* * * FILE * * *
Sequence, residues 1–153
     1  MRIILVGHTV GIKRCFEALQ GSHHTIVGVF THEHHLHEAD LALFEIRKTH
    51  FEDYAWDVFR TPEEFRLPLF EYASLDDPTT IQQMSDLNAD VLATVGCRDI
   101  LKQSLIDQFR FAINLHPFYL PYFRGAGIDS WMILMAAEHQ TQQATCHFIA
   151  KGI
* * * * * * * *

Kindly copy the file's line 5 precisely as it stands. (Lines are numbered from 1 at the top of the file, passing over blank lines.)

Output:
   151  KGI